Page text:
A. The Valeri Era
I was really hoping the ranch would suddenly be plastered with wall-to-wall posters of Nastia. Or that Valeri had gone all “I’m not like a regular Martha, I’m a cool Martha” and they were sitting in a drum circle now.
Also, I think Valeri is shorter than Morgan Hurd.
Anyway, the first national team camp of the new dynasty is underway, with most of the usual-suspect juniors and non-specials invited to the ranch to gossip about what they think is happening on the tour. Or maybe for gymnastics. Kind of. It’s only September, and it’s Valeri’s first day. This camp is just about calling roll, handing out the syllabus, and going over the semester’s major assignments and general expectations.
You know Martha’s there in the back hiding in a scarf like
Ugh, you again? Continue reading Things Are Happening – September 30, 2016
Following up on my exploration of which skills are the most popular in US elite routines, I decided it would be interesting (to me exclusively) to compare US composition to routine composition in Russia and China to illustrate the very different approaches taken by the three countries and where they can learn from each other.
And by each other, I mean the US. Because, let’s be real, the US won by 8 points.
The US numbers are based on routines from the three major domestic competitions this summer, Russia’s are based on Russian Cup (and occasionally Russian Champs if the gymnast didn’t compete at Russian Cup), and China’s are based on the Chinese Championships. I did not include all of the seniors from Russia and China at those meets because…well, they’re not on Youtube. But also because many gymnasts attend those meets to compete for their region/province but aren’t international elites and don’t have a comparable skill level.**
So, here we go. The “winner” for each skill is highlighted.
- Russia and China have been much more diligent about getting rid of those trash-shoots that do nothing to boost the D score than the US has, though the toe shoot does remain popular among the bad Chinese bars workers—the non-L-grippy ones who aren’t allowed to be seen in public and have long since been given up for dead because they’re not Fan Yilin. (Yeah, I’m talking about you, Liu Jinru.)
- The toe-on Shaposh 1/2 is Russia’s compulsory bars skill, while China is more comfortable with Stalder Shaposhes than either the US or Russia. It is interesting to note how few Chinese gymnasts do any variety of Shaposh 1/2 considering how valuable it is and how high their D scores are nonetheless. The toe-on Shaposh 1/2 is absolutely essential to Russia’s high bars Ds.
- And we thought the lack of transition variety in the US was bad. While the Pak is “compulsory” in the US, it is LITERALLY COMPULSORY in Russia and China. (Which also explains the lack of shoots since the Russians and Chinese never even face that direction on the low bar.) The US is the only nation crass enough to still use outdated and obsolete bail handstands.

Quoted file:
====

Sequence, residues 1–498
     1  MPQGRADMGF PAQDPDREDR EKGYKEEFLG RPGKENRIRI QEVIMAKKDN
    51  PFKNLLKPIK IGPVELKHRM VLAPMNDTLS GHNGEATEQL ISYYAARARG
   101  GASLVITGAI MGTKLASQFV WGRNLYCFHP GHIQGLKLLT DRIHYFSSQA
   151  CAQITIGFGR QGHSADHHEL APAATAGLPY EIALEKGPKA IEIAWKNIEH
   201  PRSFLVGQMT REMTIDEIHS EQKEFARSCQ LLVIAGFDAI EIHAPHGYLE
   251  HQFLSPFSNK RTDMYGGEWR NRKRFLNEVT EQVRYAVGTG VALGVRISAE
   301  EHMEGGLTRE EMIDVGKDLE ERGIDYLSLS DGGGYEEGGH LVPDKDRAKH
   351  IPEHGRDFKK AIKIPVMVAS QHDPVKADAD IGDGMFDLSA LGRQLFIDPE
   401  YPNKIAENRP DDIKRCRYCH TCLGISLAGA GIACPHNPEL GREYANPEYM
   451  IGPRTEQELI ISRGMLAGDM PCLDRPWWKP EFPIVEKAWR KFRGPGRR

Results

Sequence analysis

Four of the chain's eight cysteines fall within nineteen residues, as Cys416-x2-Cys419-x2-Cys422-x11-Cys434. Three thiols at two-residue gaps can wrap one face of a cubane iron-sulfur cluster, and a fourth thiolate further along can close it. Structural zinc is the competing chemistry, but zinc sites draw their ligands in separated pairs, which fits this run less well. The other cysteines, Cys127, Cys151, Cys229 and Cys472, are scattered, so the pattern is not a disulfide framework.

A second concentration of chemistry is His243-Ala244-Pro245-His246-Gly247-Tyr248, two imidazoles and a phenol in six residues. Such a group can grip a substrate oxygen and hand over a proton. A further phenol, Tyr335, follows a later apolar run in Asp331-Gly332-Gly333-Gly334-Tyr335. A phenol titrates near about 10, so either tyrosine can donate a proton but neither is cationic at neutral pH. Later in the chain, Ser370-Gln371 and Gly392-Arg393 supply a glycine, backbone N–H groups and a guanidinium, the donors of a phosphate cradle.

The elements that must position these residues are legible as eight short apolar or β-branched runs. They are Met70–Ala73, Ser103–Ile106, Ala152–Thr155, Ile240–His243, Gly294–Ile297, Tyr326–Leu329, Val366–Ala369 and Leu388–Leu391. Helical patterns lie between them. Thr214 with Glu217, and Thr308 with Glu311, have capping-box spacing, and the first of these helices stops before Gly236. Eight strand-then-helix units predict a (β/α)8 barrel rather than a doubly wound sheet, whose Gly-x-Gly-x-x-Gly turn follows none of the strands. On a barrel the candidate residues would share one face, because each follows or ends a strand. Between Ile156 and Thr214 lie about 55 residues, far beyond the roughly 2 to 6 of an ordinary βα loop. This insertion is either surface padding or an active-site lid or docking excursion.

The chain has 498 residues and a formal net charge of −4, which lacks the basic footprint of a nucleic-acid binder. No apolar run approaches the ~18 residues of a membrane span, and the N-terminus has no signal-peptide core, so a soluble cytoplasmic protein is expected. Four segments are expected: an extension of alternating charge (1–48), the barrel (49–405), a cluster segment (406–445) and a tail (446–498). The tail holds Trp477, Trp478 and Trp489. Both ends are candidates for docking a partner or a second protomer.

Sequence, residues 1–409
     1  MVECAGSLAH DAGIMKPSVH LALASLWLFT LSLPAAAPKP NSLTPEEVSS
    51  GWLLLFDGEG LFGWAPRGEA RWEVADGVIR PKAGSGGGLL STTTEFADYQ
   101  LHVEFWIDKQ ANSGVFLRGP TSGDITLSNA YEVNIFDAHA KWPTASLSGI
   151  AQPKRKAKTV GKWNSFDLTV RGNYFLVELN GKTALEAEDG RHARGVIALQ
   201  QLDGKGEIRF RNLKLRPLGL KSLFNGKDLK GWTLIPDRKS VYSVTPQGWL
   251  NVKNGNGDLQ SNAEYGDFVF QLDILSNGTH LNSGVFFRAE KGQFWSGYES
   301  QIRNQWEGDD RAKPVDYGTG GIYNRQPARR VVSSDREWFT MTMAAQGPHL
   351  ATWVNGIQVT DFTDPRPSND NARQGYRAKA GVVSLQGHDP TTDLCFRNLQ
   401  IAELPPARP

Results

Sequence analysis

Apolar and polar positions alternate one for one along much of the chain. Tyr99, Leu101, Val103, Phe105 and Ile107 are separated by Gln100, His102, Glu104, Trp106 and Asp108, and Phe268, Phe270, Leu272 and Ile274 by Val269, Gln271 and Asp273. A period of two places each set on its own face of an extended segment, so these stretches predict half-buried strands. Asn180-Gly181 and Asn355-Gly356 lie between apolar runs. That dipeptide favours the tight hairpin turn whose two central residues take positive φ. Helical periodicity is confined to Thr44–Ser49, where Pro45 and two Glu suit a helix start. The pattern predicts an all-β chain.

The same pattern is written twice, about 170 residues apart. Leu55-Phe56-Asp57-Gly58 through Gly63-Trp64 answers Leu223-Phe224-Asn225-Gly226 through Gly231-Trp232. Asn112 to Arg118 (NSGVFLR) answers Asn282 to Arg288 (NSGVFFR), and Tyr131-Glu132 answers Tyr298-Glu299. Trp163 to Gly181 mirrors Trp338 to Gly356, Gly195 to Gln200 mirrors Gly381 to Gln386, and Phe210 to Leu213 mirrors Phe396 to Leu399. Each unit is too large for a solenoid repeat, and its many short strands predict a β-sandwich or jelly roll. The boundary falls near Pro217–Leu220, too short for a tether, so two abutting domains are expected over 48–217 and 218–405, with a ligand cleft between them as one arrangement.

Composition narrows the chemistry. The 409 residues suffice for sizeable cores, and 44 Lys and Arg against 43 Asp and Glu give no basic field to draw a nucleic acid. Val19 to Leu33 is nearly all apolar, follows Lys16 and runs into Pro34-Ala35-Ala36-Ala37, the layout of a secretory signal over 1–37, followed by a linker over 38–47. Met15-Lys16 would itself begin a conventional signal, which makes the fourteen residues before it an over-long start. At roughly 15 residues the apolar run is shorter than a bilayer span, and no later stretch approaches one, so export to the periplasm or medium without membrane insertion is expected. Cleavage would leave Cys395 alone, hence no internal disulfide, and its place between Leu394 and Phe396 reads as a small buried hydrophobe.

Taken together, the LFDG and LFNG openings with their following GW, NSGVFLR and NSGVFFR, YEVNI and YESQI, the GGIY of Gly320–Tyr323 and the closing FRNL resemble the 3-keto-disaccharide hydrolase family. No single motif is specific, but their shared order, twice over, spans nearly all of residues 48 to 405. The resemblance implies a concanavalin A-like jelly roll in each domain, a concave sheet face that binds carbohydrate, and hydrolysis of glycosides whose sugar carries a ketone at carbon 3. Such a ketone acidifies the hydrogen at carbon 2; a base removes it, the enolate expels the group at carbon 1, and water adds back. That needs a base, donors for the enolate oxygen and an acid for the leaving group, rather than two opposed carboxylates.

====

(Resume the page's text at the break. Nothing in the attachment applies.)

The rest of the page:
- It’s worth noting not only how few same-bar releases are being done, especially by Russia and China, but also how different each country’s choices are. Every US gymnast does a straddled Jaeger, every Russian does a piked Jaeger (which will suit them very well in the next code), and every Chinese gymnast does a Gienger.
Continue reading United States v. Russia v. China
And we’re off…
…our meds, apparently.
Just to clarify, that’s a big-horned lion (animal?) joining the cast of Stomp to provide a trash-can tribute to the marriage of Leonardo da Vinci and smoke inhalation.
Like you do.
A lion, a fish, and an eagle walk into a sexual nightmare…
But it’s not just about half-naked, strobe-light, fauna-percussion seizures dedicated to the legacy of Alexei Nemov (is it my birthday already?), there’s also this happening.
Continue reading How To Gymnastics Exhibition, Starring Russia
A. So, this is a thing
Very important. Must watch. Immediately.
It’s literally just a trailer for the Alexei Nemov Russian Acid Trip Safari of Stars, but I’m still going to have to do a full recap of it. I don’t even know if this stuff happened this year, or in a previous year, or in Nikita Khrushchev’s drunken deathbed fever dream, and I care 0%.
If you’re wondering why I was so disappointed by the Sochi opening ceremony in 2014, it’s because I wanted it to be this exactly.
That video thumbnail of a man-eagle handing the Olympic torch to Alexei Nemov in a dragon leotard is only like the 13th-most insane that happens. In the trailer. Camels.
B. Vanessa Ferrari re-un-de-retires kind of
Lesson #324 never to listen to any whispers of retirement you hear in the six months surrounding the Olympics. We were definitely told during the Olympics that Vanessa Ferrari was planning to retire, but she said on instagram recently that her carriera agonistica isn’t over yet. Potentially. We’ll see. Apparently, she wants another shot at finishing fourth in an Olympic floor final. Continue reading Things Are Happening — September 23, 2016